Want to improve your next Zoom call? Use HAND signals! Simple gestures such as waving before speaking can make online meetings easier, study finds
- Researchers from UCL have developed the Video Meeting Signals system
- It includes a hand on heart to show kindness and crossed arms if you disagree
- Students who tested the hand gestures in online seminars had a better personal experience, group affiliation and learning outcomes
While Zoom meetings were once rare events, they’re now the norm for many home-working Brits.
But communicating over video calls can be tricky, and you can find yourself both fighting to be heard, and left with awkward silences.
Now, researchers from UCL claim that using a simple set of hand signals can improve the experience of online meetings.
The signals include waving to take a turn to speak and raising a hand to show empathy, and could help to make groups feel closer to each other and improve learning and communication, according to the study.
The signals include waving to take a turn to speak and raising a hand to show empathy, and could help to make groups feel closer to each other and improve learning and communication, according to the study
The hand signals
Thumbs up – I agree/I like that
Thumbs down – I disagree/don’t like that
Hand over head – I want to speak
Hand on heart – I feel for you/send you kindness
Hand on head – I have a question
Hand up – I share that with you
Both hands up – I’m not sure about that
Arms crossed – I have a different view
Hands together – handshake/hug
In the study, the researchers trained students to use a set of signals in online seminars during lockdown, and found evidence that they improved the students’ experience.
Professor Daniel Richardson, co-lead author of the study, said: ‘As we have all moved meetings, classes and social interactions online in the last year, many of us have found that it can’t replicate seeing people in person, and some have felt fatigued or isolated.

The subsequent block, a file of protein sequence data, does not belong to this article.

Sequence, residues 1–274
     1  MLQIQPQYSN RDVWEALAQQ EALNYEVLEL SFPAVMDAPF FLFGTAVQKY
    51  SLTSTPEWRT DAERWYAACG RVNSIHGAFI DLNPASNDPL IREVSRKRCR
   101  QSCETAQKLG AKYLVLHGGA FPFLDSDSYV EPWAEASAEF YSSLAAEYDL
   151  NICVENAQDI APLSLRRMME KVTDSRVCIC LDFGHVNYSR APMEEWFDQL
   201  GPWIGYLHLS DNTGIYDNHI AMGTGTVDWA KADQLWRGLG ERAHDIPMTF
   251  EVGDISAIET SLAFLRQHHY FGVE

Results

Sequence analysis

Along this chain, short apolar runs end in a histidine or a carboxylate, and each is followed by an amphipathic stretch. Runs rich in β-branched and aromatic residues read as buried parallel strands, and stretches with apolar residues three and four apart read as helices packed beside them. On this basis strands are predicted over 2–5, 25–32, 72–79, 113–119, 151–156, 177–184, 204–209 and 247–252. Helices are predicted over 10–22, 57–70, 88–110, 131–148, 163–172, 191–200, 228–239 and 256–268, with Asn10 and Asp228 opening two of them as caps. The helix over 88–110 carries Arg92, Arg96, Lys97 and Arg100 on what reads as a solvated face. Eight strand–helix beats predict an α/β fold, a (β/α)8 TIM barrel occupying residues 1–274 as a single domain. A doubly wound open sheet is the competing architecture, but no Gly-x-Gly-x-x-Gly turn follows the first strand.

‘Because you can’t make eye contact or pick up on subtle nods, gestures and murmurs of agreement or dissent, it can be hard to know if people are engaged with what you’re saying.
‘While some people are trying to use more technology to improve video conferencing, we wanted to investigate a behavioural method, and see if we could test it as rigorously as possible.’
The hand signals, dubbed the Video Meeting Signals system, include a thumbs up or down to show agreement or disagreements, a hand on the heart to display concern or care, and a raised hand to ask a question.
To test their effectiveness, the team recruited over 100 undergraduate psychology students who were participating in weekly online seminars in groups of 10.
In the study, the researchers trained students to use a set of signals in online seminars during lockdown, and found evidence that they improved the students’ experience
Half of the groups were were taught the hand signals and asked to use them in their online seminars, while the other half did not learn the gestures.
After two online seminars, the students were asked to complete a questionnaire assessing the experience.
The results revealed that students who used the hand signals had a better personal experience, group affiliation and learning outcomes.
This group also used more positive and fewer negative words than the non-hand signal group.
Paul Hills, an author of the study, said: ‘By using hand signals, you can quickly and seamlessly react to what someone is saying, without interrupting conversation flow or pressing keys, and the signals can also convey nuance.
‘Trust is vital to teamwork, and we hope that these hand signals can help to connect people so that they can collaborate better.
Students used a thumbs up signal if they agreed with the speaker, showing their feelings without interrupting
‘As people continue to meet, learn and connect online, we hope that using these signals could make that time more productive and enjoyable.’
While the reason why the hand signals are so effective remains unclear, the researcher suggest that the training may encourage students to engage and commit to their seminars.
The team now hopes to assess this further by comparing the hand signals to other methods, including reaction buttons on video calls.